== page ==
U.S. Army Maj. Nidal Malik Hasan massacred a group of soldiers at Fort Hood, Texas. He is U.S.-born Muslim who, as probing indicates, has had past contact with jihadists, including the radical Imam Anwar al-Awlaki. Al-Awlaki is a U.S.-born imam who champions a jihadist ideology. He was included at some length in the 9/11 commission report for his connection to the 9/11 hijackers Khalid al-Midhar and Nawaf al-Hazmi. Al-Awlaki posted a message on his Web site on November 9 extolling what Hasan did.
The main thrust of the Hasan investigations is understandably related to national security, far beyond regarding the case as a mere violation of the law. Authorities want to know ‘whom the suspect is connected to and whom he is talking to or planning with.’ The ultimate objective in such investigations is to uncover the networks of jihadist actors working in association in the United States and possibly elsewhere.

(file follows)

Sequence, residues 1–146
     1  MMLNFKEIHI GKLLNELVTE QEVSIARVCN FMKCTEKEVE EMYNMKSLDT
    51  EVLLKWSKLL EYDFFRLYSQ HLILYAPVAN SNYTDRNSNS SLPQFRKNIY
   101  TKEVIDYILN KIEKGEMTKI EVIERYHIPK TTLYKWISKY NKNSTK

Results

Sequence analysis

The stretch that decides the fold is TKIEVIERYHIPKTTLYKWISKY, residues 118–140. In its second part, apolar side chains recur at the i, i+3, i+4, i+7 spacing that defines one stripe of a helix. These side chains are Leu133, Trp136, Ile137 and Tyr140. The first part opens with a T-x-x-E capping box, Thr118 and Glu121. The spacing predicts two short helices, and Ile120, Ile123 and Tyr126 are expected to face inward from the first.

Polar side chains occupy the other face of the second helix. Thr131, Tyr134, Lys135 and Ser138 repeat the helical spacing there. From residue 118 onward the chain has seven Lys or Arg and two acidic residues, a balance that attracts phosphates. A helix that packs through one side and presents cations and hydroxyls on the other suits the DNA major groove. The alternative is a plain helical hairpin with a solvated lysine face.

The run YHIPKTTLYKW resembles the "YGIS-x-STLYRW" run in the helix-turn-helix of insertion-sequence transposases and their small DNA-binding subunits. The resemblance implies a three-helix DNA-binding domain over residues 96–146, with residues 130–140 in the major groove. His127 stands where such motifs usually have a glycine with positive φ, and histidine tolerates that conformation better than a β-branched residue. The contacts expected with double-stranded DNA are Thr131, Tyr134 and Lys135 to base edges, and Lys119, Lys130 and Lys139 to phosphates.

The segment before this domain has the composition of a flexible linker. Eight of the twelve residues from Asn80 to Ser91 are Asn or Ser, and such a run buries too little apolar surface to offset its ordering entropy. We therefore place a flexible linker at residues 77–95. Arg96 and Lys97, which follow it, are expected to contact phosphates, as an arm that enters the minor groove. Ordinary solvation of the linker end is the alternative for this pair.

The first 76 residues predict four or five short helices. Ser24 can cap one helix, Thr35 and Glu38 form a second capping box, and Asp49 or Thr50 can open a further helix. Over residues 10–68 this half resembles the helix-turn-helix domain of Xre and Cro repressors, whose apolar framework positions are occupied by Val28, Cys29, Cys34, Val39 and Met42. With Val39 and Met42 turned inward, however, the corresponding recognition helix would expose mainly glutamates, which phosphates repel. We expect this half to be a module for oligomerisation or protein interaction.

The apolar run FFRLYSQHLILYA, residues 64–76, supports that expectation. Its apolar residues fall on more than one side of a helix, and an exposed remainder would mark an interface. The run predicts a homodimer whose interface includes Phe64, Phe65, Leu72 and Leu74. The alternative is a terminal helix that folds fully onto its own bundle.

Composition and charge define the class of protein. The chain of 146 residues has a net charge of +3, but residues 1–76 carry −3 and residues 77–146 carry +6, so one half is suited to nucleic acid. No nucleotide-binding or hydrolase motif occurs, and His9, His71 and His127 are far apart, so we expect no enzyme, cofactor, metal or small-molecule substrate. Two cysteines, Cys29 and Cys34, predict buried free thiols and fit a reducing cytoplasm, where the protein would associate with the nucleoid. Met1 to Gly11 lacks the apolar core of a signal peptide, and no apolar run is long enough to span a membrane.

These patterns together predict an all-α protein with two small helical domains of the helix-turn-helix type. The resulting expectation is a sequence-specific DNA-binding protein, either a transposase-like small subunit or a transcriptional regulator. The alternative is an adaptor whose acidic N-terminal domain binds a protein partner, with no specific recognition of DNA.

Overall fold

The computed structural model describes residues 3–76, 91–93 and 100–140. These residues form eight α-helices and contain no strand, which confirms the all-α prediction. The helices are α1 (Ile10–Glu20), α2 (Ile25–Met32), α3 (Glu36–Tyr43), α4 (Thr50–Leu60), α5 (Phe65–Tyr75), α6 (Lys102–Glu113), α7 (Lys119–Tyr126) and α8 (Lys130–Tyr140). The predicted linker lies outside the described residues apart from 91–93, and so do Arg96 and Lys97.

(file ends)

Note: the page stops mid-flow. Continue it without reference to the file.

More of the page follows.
Because Hasan is a member of the armed forces, his case will be handled under the Uniform Code of Military Justice (UCMJ). As it is, the FBI is conspicuously absent from the current investigation proceedings.
What is unusual is that ‘there are some who would like to see the Hasan case remain a criminal matter rather than a case of terrorism. Following the shooting death of Luqman Ameen Abdullah and considering the delicate relationship between Muslim advocacy groups and the U.S. government, some people would rather see Hasan portrayed as a mentally disturbed criminal than as an ideologically driven lone wolf.’